The global effort to accelerate the availability of rotavirus vaccines in the developing world reaches a landmark with the first infants vaccinated against rotavirus in Nicaragua. Nicaragua’s President Enrique Bolaños hosts the launch of nationwide rotavirus immunisation at his home in Managua.
With a successful track record of introducing immunisation programmes, Bolivia was well-placed to take a lead in deploying the rotavirus vaccine.
With the support of GAVI and its partners, Honduras successfully introduced the Rotavirus vaccine.
Guyana becomes the fourth GAVI-eligible country to introduce a vaccine against rotavirus, the primary cause of diarrhoea which is the second biggest killer of under-fives in developing countries.
The first children in a GAVI-eligible country in Africa to be vaccinated against rotavirus was in Khartoum, Sudan. By 2015, GAVI plans to support the introduction of this life-saving vaccine in more than 30 countries, most of them in Africa, which have extremely high rates of death from rotavirus infections.
On 26 April 2012, Ghana became the first African country to introduce pneumococcal and rotavirus vaccines at the same time, simultaneously tackling the leading causes of the world’s two biggest childhood killers – pneumonia and diarrhoea.
With the introduction of rotavirus vaccines in Rwanda, children will be protected against the leading cause of severe diarrhoea. At the date of introduction, rotavirus was responsible for the lives of nearly 3,500 Rwandan children every year, accounting for 8.8 % of all under five deaths.
Moldova introduced rotavirus vaccines in its routine immunisation in July 2012. The vaccination coverage is over 90%.
1 August - despite a severe humanitarian crisis, the government of Yemen, supported by GAVI and its partners introduces rotavirus vaccine into its national immunisation programme. One million children born each year will be targeted.
In October 2012, Malawi became the 10th GAVI-eligible country to introduce rotavirus vaccines in its national immunization program. Rotavirus takes the lives of more than 2,500 Malawian children under five each year— accounting for 4.5 percent of all under-five deaths in Malawi. Studies in Malawi show that rotavirus vaccines are safe and effective against severe rotavirus disease and are a cost-effective intervention.
Accelerating access to rotavirus vaccines will not only save the lives of Armenian children but also lessen the tremendous economic and health burden of rotavirus disease, thereby contributing to poverty reduction and a growing economy.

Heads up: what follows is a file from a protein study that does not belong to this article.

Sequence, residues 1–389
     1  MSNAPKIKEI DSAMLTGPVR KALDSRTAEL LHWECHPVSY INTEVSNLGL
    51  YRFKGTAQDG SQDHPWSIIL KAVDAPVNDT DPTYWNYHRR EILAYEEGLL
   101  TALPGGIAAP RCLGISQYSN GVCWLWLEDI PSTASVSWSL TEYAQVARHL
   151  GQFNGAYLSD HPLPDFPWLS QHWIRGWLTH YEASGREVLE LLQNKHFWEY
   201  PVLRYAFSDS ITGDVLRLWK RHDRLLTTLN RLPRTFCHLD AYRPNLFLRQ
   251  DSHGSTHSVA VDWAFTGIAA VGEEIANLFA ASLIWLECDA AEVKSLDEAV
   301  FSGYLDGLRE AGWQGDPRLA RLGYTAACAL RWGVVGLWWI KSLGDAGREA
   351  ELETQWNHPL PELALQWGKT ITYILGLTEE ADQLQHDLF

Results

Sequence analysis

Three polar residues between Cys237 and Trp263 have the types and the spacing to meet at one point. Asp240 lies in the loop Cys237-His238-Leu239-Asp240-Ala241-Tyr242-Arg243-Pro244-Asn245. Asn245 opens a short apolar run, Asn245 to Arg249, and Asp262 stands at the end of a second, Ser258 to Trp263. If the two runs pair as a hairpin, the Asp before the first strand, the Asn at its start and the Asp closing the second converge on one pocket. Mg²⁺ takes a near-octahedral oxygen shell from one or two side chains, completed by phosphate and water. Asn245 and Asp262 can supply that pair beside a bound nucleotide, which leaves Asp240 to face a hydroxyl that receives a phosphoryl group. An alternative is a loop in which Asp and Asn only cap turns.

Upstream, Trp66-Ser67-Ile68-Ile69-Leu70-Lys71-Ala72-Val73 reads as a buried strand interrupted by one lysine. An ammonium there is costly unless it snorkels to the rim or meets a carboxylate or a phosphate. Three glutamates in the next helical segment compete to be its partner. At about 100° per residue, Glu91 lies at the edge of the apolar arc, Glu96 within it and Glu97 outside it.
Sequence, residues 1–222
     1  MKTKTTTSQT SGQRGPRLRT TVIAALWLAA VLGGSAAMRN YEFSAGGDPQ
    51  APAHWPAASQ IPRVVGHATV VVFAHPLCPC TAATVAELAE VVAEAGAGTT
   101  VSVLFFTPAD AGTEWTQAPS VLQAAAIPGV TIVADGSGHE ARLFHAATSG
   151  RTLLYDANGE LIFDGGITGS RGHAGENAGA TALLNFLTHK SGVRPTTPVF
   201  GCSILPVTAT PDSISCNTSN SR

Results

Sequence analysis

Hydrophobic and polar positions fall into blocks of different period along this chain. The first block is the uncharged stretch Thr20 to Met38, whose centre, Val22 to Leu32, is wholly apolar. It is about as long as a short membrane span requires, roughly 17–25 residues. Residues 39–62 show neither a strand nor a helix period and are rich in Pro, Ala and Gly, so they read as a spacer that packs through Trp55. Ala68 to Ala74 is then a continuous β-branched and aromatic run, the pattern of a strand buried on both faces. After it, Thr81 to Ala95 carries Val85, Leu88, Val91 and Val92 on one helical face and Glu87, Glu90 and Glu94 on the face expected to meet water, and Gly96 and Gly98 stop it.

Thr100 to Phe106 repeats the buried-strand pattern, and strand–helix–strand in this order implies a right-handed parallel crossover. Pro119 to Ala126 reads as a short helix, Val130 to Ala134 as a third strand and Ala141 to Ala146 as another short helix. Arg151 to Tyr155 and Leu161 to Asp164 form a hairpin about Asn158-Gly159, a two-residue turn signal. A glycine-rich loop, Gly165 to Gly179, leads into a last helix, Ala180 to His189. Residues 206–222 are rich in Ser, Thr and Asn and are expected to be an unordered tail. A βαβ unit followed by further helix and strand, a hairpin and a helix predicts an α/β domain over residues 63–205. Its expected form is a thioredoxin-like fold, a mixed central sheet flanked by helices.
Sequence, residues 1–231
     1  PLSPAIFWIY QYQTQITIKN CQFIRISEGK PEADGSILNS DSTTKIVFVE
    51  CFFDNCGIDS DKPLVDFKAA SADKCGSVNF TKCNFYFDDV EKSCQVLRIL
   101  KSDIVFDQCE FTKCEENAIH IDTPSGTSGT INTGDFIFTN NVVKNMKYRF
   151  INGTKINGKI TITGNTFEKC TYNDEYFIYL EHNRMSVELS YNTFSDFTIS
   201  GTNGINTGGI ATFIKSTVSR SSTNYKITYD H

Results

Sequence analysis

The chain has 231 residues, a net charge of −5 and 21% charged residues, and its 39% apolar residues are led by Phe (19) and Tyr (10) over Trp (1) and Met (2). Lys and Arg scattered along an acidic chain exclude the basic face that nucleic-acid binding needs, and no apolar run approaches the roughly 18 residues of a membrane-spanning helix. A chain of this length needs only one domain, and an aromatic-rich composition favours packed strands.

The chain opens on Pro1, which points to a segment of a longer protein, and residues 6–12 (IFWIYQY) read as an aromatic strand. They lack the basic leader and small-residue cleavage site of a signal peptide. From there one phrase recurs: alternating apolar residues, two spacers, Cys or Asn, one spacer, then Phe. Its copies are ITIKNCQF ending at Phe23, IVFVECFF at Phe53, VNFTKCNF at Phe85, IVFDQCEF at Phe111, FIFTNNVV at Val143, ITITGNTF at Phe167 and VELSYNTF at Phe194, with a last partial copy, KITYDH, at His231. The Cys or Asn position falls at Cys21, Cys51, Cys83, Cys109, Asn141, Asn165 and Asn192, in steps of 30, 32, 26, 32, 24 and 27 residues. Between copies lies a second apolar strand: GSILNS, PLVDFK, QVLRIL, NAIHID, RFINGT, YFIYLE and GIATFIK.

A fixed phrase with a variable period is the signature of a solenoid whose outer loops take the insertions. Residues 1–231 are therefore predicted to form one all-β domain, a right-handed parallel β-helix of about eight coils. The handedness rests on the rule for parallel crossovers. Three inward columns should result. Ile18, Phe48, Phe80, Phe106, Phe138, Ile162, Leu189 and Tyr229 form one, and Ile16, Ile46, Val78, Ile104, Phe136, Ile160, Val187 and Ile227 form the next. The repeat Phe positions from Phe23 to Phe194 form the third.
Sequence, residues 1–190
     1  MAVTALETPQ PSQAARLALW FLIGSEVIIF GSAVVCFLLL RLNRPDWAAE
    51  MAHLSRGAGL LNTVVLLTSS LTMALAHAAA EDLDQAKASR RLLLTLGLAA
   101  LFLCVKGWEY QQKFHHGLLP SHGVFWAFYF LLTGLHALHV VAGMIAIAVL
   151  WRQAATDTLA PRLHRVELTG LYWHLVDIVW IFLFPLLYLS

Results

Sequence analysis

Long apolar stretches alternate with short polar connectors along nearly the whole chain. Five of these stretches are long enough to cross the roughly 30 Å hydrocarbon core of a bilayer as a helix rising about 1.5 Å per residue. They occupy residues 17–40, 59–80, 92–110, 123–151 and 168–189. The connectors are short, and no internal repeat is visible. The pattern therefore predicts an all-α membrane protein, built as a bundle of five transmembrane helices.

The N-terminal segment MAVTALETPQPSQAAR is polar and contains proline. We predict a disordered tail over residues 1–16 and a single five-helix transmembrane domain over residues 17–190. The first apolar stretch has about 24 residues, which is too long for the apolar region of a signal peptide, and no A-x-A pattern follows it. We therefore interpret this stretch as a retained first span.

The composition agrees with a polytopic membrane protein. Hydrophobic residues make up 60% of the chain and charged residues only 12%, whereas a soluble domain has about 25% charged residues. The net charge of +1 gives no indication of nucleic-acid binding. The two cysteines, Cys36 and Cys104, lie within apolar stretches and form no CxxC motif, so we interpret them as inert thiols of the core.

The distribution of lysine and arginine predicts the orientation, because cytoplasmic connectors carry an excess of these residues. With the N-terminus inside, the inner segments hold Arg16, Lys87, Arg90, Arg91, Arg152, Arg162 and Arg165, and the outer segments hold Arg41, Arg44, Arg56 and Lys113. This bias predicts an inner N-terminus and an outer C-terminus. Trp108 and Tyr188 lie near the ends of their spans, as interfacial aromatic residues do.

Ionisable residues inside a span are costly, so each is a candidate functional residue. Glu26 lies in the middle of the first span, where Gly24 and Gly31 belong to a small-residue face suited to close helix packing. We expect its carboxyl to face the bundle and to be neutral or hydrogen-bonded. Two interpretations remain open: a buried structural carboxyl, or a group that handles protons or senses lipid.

In the margins of GAVI’s 2012 Partners Forum in Tanzania, the country successfully introduced simultaneously rotavirus and pneumococcal vaccines to protect its children.
Diarrheal diseases cause 15-17% of hospitalizations observed among 0-3 year old children and contribute to up to 20% of emergency cases that place significant demand on the health services.
Haiti marked World Immunization Week with a ceremonial introduction of rotavirus vaccine into the country’s routine immunisation programme, with the support of the GAVI Alliance.
The Gambia was the 15th GAVI-eligible country to introduce rotavirus vaccines soon after the public health burden of rotavirus was confirmed by the Global Enteric Multicenter Study (GEMS), the first comprehensive global study of childhood diarrheal disease, which found that rotavirus is the most common cause of severe diarrhoea among Gambian infants and toddlers.
Burkina Faso introduced rotavirus vaccines together with pneumococcal vaccines marking the second francophone sub-Saharan African country to add rotavirus vaccines to its national immunisation program.
The second most populous country in Africa, Ethiopia introduced rotavirus vaccines on to help its 2.8 million children live healthier lives. Ethiopia is one of the five countries with the greatest rotavirus burden worldwide, accounting for six percent of all rotavirus deaths globally.
After a successful pilot program championing rotavirus vaccines as part of an integrated approach to diarrhoea prevention and control in its capital city of Lusaka, Zambia rolled out rotavirus vaccines nationwide. The country plans to scale up the other aspects of the pilot program in alignment with the integrated Global Action Plan for the Prevention of Pneumonia and Diarrhea (GAPPD).
Burundi became the 10th GAVI-eligible African country to add rotavirus vaccines to its national immunization program. Rotavirus diarrhoea takes the lives of more than 3500 Burundian children under five each year.